Bury me with the band.
Do not mourn my death. Celebrate my life.
The lyric comes from the Belizean classic, “Naguya Nei” (“I Am Moving On”), written by the King of Paranda from Punta Gorda, Paul Nabor. The song was inspired by Nabor’s sister sharing her dying wishes: don’t worry about anything but taking care of the young ones, and have a band play at my funeral. The words are simple, powerful, and you hear the melody resonate throughout the Garifuna community.
One of our music and culture instructors, Joshua Arana taught us “Naguya Nei” and really fought for us to sing the song with the passion he felt in it. After some run-throughs, he told us to do away with the drums. He walked us to the shore to hold hands and sway with the waves and melody vibrating through us. “Come on guys. I really want you to feel this,” he urged. We could sense the power behind the song, but I think we were all too focused on proper pronunciation to reach the performance level he was pushing us toward.
Later, we gathered to listen to the Paranda Blues Band, a well-known punta rock and paranda band Joshua organized to play for us at the Seagull’s Nest Guesthouse where we stayed in Hopkins. I spoke with the DJ, Kirk “Beats” Rodriguez, who was mixing some pre-show jams while everyone was getting seated. When I asked him what shows he had coming up, he told me he would be playing music at his uncle’s wake.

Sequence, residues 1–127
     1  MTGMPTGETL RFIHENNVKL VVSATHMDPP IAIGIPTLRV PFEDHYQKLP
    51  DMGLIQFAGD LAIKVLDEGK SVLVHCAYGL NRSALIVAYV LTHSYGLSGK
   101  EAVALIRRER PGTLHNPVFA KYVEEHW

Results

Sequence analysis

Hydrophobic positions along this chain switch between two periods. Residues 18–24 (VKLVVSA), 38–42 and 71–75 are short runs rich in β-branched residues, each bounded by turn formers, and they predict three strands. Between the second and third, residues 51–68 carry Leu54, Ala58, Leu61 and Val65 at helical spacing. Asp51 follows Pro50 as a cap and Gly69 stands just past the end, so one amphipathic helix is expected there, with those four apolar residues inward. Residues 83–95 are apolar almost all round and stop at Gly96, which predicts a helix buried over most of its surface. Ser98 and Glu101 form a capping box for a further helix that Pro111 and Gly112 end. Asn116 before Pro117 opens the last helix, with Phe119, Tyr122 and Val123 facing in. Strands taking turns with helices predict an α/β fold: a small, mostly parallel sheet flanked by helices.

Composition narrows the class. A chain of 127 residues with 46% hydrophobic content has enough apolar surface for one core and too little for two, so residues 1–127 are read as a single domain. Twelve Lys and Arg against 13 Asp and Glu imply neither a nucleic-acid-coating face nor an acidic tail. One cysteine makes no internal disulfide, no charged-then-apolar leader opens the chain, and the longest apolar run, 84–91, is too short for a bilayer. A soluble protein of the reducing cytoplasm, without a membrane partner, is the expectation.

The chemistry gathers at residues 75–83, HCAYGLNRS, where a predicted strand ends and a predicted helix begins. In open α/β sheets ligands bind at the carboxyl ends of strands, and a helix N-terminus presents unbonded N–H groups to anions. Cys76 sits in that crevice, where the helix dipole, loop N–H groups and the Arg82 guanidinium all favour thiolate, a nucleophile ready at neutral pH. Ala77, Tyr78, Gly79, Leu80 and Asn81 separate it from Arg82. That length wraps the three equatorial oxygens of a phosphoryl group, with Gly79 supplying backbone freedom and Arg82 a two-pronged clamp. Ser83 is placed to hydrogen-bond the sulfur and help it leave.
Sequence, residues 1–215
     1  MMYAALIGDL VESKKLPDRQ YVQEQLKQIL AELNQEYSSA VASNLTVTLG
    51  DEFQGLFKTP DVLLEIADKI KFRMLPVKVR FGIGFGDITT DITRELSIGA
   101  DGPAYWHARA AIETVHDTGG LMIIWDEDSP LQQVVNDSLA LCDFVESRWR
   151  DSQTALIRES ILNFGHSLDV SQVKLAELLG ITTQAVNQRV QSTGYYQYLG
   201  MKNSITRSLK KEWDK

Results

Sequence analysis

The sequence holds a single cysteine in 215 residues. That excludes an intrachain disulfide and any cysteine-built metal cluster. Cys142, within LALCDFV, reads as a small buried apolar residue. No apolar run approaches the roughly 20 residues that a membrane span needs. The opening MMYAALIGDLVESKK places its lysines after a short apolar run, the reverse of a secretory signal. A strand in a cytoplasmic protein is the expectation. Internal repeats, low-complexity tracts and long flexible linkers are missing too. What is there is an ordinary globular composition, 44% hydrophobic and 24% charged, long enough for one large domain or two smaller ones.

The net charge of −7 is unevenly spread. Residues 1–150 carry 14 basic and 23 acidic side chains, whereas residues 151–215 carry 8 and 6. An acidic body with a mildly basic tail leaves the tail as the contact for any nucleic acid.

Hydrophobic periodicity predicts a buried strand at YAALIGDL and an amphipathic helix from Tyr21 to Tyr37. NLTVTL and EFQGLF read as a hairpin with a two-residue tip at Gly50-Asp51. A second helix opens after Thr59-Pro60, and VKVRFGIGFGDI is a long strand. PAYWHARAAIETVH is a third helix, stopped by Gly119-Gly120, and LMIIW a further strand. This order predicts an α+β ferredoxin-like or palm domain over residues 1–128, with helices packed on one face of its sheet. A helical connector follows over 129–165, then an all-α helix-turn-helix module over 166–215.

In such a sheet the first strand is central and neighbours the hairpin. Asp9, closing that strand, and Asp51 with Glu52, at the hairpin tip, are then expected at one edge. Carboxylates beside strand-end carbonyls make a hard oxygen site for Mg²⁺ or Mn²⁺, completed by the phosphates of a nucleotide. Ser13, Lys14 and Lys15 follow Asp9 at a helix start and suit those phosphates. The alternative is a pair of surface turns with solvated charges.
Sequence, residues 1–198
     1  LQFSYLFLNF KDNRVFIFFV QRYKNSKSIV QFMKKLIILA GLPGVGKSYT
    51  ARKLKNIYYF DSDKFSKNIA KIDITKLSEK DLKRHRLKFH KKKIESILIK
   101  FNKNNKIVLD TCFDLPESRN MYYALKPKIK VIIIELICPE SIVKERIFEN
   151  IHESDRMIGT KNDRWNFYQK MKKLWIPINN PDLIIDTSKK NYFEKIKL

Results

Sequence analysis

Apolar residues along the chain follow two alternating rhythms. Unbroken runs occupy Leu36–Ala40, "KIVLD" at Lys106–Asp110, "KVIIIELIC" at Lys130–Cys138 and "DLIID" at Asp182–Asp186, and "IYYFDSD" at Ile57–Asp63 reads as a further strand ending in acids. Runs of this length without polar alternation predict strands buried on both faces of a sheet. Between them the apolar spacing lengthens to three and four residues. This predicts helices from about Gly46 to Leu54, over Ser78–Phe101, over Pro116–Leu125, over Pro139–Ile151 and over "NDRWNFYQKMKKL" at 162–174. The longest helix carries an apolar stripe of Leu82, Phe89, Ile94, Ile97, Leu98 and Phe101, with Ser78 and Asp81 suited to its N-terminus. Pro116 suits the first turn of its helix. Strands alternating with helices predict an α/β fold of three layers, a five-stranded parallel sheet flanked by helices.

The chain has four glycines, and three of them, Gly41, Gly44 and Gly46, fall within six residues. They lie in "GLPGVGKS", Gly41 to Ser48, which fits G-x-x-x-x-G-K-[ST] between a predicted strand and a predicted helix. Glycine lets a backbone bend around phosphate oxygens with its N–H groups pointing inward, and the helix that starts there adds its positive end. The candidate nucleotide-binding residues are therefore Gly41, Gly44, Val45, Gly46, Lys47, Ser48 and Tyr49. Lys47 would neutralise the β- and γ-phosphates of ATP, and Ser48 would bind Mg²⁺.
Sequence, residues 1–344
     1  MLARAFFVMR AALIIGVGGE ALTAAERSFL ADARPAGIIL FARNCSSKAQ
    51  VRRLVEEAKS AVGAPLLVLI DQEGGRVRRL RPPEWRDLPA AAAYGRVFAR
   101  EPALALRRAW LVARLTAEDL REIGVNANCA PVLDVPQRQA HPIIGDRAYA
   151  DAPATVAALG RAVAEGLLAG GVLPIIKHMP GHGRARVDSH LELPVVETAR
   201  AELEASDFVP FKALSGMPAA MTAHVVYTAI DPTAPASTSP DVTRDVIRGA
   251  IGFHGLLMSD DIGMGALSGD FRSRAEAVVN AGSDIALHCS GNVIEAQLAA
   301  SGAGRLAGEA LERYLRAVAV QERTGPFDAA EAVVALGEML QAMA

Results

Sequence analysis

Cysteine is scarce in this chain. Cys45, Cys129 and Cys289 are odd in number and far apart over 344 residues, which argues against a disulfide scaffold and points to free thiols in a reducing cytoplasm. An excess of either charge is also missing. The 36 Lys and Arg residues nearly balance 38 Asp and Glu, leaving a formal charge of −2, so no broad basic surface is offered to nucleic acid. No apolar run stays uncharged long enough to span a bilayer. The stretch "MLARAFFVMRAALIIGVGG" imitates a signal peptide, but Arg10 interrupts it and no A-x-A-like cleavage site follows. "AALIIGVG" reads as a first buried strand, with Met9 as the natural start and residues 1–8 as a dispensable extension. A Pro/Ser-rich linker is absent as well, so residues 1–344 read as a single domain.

We learned later, local Garifuna artist John Jay Rodriguez was shot just days ago during an attempted robbery in Dandriga. We were never able to meet the beloved artist, but he was very much alive through his community, and his nephew spoke highly of him.
I told him I was sorry to hear about his uncle, wished him good luck, and sat to hear the band begin. Many of the songs they performed contained some dark messages, yet the energy was upbeat, cheerful, and worry-free. Their rendition of “Naguya Nei” was much more uptempo than ours, but the soul was alive.